Gil Shaham Plays Tchaikovsky

Langrée Leads Mostly Mozart

By: - Aug 18, 2017

Mostly Mozart
Conducted by Louis Langrée
Gil Shaham, Violin
Mostly Mozart Orchestra
David Geffen Hall
Lincoln Center
New York, New York
August 18, 2017

Mostly Mozart programs with intent. While the most obvious connections between a card including Prokovief's 1st Symphony, Mozart's 25th and the Tchaikovsky Violin Concerto may be their bridge positions between musical periods, the Classical, Romantic and Neoclassical, more than a ladder rung binds these pieces. Exuberant turns of phrase, often taken at a tear, provide their texture.

A Mannheim rocket starts off the Prokovief. This is a classical form where the rising phrase gets louder and faster. Mannheim rockets were shooting up all during the concert. Phrase lengths vary. Jagged octaves add to the color. Only occasionally do we hear Slavic harmonics, but they are there.

Louis Langrée takes obvious pleasure in drawing forth the Mostly Mozart Orchestra. His delicate force is irresistible. The joy we associate with Mozart is clear in the work of the two Russian composers on the program.

Mozart's 25th Symphony is more turbulent than most. It too opens with a Mannheim Rocket. Urgent, repeated phrases, and unusual syncopation follow. While there is a gentility in the slow movement, Langrée conducts to bring out the boldness in the details. There is a lovely, muted dialogue between bassoons and violins.

The movie Amadeus opens with the first movement of this symphony. In the film, Mozart tells the Holy Roman Emperor that he is a vulgar man but his music is not. This Symphony had been neglected until the film’s release. Now we see both Mozart’s God-given gifts, and his impish, joyful and sometimes darkly-colored humor unfold. It is one of only two symphonies he wrote in a minor key.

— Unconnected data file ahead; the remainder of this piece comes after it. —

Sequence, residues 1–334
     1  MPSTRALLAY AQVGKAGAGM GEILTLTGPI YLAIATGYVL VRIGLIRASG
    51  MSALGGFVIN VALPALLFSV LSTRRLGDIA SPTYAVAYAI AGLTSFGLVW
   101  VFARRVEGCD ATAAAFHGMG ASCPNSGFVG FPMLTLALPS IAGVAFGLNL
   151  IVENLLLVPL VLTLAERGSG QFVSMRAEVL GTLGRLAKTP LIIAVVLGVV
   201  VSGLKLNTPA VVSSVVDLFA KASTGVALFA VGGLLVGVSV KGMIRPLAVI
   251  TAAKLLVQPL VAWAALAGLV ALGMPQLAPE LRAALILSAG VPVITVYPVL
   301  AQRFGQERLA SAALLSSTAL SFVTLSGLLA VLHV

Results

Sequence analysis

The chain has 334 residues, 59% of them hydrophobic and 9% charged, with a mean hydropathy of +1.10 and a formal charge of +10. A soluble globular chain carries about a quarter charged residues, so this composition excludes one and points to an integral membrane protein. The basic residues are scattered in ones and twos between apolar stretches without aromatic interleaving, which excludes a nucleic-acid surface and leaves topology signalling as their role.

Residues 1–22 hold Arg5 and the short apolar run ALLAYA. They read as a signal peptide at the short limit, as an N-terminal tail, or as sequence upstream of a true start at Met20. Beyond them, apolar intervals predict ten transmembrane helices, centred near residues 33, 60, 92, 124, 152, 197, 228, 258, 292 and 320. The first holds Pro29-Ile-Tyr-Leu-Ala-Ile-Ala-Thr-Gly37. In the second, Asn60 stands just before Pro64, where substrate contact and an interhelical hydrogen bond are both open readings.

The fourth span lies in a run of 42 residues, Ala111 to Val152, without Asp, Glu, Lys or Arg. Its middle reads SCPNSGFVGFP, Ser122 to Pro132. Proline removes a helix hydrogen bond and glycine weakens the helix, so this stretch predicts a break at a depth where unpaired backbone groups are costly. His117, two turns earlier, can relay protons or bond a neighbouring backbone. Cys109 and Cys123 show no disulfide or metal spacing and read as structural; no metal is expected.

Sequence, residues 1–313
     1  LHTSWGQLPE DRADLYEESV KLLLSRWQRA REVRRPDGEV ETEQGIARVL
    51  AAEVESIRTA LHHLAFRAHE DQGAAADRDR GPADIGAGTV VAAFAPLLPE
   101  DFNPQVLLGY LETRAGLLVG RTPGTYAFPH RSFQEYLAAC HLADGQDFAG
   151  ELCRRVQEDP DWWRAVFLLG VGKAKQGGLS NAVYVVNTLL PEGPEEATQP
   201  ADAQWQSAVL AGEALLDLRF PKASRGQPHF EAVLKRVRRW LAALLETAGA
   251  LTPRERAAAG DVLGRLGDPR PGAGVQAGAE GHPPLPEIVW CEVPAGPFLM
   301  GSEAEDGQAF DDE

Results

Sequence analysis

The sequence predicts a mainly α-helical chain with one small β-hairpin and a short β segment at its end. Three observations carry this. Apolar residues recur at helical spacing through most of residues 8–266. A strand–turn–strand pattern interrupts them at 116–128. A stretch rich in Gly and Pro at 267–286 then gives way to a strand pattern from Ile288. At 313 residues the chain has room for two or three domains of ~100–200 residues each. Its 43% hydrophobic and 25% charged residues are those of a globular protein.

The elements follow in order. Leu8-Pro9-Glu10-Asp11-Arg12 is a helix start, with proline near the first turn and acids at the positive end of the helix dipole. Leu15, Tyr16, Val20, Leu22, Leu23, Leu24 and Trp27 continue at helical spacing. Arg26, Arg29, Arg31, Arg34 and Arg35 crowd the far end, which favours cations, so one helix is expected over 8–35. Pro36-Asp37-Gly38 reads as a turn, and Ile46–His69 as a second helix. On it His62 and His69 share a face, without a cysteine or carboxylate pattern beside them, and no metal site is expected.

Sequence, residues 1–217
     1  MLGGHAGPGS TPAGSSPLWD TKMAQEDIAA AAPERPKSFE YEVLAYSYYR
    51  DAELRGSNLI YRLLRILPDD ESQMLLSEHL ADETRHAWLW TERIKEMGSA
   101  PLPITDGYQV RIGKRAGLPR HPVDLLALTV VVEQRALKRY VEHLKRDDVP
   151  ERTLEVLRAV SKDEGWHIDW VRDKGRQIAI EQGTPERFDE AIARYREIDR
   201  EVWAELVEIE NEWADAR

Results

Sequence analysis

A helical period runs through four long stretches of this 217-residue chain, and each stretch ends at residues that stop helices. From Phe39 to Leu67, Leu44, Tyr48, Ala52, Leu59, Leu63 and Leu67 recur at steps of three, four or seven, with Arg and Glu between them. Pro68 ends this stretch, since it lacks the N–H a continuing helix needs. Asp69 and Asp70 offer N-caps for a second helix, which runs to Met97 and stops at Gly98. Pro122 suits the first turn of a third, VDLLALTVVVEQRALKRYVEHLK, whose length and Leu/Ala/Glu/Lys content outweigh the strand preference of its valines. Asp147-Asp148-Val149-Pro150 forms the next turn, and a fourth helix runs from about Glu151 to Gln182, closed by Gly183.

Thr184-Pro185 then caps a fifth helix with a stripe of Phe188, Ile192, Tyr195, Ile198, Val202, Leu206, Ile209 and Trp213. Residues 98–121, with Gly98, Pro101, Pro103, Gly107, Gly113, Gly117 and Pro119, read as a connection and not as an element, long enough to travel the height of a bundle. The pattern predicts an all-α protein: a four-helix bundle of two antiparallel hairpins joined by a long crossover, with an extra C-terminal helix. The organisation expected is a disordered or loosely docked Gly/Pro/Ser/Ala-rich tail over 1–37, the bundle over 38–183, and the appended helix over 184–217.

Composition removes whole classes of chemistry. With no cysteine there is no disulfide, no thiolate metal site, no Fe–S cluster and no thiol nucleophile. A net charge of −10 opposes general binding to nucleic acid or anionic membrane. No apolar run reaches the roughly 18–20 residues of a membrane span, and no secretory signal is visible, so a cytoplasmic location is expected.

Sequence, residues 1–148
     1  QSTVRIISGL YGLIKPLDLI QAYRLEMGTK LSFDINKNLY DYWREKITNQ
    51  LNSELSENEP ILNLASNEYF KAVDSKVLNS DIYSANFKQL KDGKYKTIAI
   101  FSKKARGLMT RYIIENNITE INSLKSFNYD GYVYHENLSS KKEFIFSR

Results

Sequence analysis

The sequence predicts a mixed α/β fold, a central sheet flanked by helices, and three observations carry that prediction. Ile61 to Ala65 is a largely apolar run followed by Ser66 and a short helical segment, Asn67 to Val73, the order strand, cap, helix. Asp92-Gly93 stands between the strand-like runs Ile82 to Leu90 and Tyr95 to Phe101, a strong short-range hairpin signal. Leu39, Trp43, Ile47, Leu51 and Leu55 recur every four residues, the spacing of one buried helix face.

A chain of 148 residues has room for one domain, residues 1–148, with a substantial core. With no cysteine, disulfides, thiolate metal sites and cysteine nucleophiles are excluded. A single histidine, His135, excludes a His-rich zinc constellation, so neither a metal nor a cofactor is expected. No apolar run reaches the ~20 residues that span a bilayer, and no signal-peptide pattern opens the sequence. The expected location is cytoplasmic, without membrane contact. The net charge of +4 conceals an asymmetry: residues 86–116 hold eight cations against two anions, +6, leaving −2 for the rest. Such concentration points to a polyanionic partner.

How does Tchaikovsky fit into this? Sudden shifts of mood and meter, again the disjointed rhythms. The rondo is wild, and Gil Shaham met its challenges with both abandon and control. Fireworks are again anchored in rhythms. Shaham brings lyric melancholy to the Adagio.  Pyrotechnics are in service of the music as Shaham performs.  They serve the music so well.  

Shaham relaxed into Bach for an encore. Its sheer beauty in contrast to the brutish demands of the rondo illustrates his command. The Bach displays his clear and focused tone. This tone was always present in the Tchaikovsky, but often flew by so fast that we did not have time to savor it. His appreciation of the conductor and orchestra were clear as he listened to them. He wore a Mostly-Mozart red tie, an expression of solidarity with the Festival?

These three composers tackling symphonies and a concerto must have thrown up their hands at some point and said, "Let me go for it." They do and their music kept us on the edge of our seats, tapping and touched. This was another memorable evening at Mostly Mozart.